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In January of this year, a Columbus Charter Review Commission was appointed to review and recommend changes to our city charter that will go on the ballot this November. One of the proposed changes, which came from the City Attorney’s office, was going to make it even more difficult for citizen initiatives - true democracy of, by, and for the people - to get on the ballot. Well, I am happy to report that through grassroot, citizen advocacy, this was thwarted and better conditions were won that will make it easier for citizen initiatives to make the ballot in the future. The ultimate decision will be the Columbus voters on November 8th.

Thankfully, after my Dispatch Op-Ed and testimonies of committed activists fighting for true democracy, the Charter Review Commission decided to remove the additional signature requirement for citizen initiative proposed by the City Attorney's office involving city council districts that will take effect in 2023, even though they had first voted to accept it. During this amendment to the commission’s adopted charter changes, they recognized and stated that it would be burdensome to the initiative process.

The rights of initiative and referendum have been part of the Ohio Constitution since 1912 and the Columbus City Charter since 1914. These rights were won by a hard-fought struggle, led by Reverend Herbert Bigelow from Cincinnati, to empower Ohioans to be co-legislators, as a check and balance when elected officials are not acting in the public’s interests. Ohio is one of only 23 states with these rights, but they are getting weakened year by year.

Last November, a group called ProEnergy Ohio was responsible for placing Issue 7 on the ballot that would have diverted $87 million of city funds for so-called “green energy” projects. It was defeated by an unprecedented margin of 87% to 13%, however, city officials don’t really trust the voters to always make the “correct” decision, so they decided to craft language to alter the city charter to make it more difficult for, so-called, “self-dealing” measures to win passage.

When I first heard that a Charter Review Commission was to take place this year and that city official were most concerned with making changes to the charter because of Issue 7, I immediately thought to myself, “How will this be used to further squash citizen initiative and referendum in Columbus?” You see, Columbus has a history of being anti-citizen initiative. Well, my suspicions were correct. Not only was language submitted to the committee that would make it more difficult for so-called “self-dealing” measures to be approved by the electorate in the future, but an additional, unnecessary obstacle was proposed for all initiatives which would involve the nine city council districts to take effect next year.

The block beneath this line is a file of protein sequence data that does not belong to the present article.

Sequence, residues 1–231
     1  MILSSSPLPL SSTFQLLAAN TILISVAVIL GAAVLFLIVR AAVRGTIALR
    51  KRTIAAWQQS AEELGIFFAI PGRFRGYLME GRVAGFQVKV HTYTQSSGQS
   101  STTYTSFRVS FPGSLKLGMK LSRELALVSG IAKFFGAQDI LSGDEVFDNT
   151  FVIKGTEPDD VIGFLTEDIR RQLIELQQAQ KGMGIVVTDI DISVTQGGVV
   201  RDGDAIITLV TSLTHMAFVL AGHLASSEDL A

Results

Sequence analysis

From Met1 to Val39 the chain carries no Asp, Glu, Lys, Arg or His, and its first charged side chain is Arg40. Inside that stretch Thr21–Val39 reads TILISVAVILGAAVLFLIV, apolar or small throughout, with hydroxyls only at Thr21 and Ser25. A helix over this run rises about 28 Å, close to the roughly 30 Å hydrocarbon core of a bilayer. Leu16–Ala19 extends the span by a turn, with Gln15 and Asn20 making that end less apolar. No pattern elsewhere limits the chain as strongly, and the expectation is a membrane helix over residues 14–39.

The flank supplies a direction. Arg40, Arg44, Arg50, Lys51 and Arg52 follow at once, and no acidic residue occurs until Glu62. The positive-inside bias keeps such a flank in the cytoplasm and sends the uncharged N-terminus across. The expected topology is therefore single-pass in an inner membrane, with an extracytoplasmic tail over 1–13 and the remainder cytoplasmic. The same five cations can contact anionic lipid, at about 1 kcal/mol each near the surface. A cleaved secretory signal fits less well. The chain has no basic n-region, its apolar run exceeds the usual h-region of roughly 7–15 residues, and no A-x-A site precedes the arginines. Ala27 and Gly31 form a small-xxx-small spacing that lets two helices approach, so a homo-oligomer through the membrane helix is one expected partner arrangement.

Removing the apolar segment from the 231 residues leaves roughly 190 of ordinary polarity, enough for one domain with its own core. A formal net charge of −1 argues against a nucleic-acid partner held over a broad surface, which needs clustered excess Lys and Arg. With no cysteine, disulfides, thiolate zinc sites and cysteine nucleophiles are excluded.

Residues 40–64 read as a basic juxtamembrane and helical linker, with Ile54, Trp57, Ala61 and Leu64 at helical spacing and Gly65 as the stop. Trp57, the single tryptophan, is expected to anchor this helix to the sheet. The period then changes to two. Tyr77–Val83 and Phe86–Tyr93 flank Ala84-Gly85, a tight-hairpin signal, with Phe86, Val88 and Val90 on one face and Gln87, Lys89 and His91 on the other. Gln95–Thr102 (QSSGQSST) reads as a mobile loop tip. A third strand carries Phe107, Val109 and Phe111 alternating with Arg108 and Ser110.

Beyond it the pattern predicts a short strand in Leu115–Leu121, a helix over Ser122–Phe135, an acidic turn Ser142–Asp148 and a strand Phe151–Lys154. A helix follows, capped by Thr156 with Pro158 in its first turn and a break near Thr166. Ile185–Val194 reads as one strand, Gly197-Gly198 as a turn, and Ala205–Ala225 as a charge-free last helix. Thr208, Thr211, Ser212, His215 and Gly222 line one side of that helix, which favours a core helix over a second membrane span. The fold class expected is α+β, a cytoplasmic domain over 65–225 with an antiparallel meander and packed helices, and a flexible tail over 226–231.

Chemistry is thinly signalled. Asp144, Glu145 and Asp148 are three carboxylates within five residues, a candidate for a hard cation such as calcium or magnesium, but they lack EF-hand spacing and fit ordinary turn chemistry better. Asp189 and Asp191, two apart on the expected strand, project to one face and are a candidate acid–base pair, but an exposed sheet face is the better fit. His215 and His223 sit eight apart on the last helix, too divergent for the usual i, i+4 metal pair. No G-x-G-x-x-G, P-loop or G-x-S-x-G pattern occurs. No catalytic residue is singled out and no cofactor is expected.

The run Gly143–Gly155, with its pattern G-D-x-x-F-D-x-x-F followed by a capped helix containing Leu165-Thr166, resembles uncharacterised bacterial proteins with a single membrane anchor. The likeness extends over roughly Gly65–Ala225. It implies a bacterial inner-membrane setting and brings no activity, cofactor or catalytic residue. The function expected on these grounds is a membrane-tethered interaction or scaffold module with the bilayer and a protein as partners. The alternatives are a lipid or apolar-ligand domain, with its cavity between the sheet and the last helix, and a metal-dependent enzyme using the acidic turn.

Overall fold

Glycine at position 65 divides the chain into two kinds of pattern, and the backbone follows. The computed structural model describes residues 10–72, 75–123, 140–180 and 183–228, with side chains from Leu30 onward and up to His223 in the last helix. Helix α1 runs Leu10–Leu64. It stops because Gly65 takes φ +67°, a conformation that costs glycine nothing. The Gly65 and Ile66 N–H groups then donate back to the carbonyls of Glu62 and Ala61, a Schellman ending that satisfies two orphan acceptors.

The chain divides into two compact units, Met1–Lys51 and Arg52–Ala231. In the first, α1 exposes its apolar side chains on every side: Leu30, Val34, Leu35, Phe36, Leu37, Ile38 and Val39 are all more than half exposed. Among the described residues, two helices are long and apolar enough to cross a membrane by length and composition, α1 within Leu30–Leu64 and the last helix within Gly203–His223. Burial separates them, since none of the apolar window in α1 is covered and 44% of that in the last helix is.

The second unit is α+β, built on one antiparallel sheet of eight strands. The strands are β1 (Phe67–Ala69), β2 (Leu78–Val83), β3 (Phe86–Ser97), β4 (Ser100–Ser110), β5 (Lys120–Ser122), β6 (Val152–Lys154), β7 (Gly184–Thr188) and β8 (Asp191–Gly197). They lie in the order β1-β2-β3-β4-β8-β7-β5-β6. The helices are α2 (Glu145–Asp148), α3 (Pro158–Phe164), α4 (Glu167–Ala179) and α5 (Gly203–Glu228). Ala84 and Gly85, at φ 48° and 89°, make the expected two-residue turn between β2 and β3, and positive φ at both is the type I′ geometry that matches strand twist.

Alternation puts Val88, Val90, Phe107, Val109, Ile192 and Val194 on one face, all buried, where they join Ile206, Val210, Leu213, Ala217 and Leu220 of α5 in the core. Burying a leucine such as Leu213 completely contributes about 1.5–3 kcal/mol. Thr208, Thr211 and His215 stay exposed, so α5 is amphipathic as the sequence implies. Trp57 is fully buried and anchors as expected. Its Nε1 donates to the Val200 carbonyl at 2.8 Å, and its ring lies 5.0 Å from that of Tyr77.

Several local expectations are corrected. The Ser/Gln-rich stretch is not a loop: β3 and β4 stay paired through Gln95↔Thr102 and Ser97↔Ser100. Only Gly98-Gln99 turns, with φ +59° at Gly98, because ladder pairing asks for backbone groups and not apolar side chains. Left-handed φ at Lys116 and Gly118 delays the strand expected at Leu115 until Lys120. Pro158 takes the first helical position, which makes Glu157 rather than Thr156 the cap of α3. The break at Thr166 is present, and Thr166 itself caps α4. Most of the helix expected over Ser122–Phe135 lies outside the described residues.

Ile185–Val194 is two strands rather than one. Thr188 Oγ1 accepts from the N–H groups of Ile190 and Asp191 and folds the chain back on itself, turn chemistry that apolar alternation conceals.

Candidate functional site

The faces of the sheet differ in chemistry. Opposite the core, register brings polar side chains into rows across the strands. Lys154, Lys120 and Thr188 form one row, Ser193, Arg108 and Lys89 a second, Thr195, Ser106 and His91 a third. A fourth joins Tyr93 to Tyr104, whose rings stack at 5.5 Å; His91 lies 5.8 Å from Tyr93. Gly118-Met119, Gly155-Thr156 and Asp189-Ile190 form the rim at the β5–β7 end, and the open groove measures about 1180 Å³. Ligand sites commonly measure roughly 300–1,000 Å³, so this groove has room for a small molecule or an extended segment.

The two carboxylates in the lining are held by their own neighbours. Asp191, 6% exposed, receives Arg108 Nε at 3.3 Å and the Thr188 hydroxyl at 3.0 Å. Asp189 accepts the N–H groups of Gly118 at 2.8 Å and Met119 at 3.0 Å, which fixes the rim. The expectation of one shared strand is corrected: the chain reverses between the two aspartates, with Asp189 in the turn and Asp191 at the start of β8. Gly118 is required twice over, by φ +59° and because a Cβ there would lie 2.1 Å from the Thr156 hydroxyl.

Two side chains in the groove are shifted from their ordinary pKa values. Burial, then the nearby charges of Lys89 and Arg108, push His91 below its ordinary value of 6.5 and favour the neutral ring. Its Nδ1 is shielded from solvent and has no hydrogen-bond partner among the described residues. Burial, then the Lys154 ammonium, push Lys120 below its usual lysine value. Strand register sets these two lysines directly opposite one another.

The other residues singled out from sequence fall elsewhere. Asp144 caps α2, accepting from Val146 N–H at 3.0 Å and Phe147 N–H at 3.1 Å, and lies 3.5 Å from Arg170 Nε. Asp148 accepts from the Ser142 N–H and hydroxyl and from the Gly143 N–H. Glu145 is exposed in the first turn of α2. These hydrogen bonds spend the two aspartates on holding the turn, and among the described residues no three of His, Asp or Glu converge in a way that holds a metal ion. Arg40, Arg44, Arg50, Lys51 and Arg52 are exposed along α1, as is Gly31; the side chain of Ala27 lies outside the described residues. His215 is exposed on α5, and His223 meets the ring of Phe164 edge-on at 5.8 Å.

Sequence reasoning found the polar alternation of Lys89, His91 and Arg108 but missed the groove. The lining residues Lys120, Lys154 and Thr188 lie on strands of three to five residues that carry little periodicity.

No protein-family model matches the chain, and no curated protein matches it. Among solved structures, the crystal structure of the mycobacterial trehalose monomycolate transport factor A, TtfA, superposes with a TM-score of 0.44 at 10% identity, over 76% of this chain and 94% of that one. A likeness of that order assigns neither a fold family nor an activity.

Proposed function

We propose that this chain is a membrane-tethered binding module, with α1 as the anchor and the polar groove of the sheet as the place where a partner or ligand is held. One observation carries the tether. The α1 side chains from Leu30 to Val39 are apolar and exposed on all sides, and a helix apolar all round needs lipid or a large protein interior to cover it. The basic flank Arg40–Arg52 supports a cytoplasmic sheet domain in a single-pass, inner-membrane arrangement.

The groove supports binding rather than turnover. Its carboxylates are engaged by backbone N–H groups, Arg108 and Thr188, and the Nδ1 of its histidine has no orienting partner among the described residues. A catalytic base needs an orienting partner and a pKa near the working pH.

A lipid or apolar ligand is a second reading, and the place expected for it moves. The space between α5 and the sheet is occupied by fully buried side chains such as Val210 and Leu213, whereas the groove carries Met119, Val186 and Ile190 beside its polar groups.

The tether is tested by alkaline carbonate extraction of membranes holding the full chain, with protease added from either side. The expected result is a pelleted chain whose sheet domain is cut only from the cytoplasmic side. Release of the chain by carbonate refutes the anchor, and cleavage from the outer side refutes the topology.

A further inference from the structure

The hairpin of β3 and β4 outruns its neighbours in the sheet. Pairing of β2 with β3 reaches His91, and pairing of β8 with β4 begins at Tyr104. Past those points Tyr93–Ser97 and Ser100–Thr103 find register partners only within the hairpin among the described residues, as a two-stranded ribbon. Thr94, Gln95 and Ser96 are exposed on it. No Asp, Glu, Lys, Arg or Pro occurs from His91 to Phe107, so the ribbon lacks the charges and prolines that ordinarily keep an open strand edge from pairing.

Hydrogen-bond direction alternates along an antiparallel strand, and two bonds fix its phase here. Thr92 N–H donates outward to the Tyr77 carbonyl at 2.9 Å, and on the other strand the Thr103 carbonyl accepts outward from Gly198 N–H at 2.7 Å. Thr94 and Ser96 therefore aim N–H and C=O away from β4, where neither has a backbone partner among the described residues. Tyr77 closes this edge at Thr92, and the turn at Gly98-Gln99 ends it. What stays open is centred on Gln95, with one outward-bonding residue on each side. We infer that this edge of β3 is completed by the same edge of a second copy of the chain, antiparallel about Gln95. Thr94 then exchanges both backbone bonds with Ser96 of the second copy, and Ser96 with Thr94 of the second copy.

The Charter Review Commission had seven meetings with city officials until the first public hearing. During these seven meetings, city officials had the commissioners as a captured audience presenting lengthy proposals crafted mostly in their favor. So, the process was heavily scripted and undemocratic. Ultimately, the commission had eleven regular meetings and only two public hearings! The process could have been designed so that the citizenry could have been involved from the very beginning, giving either support or caveats for the proposed charter changes suggested by city officials and recommending their own charter changes. I proposed that the commission recommend changing the process so that at the next charter review commission in 10 years - and at future ones - city officials would have to submit their proposed changes before the process begins and then the public could be involved from the very beginning. The commission neglected to take up my suggestion.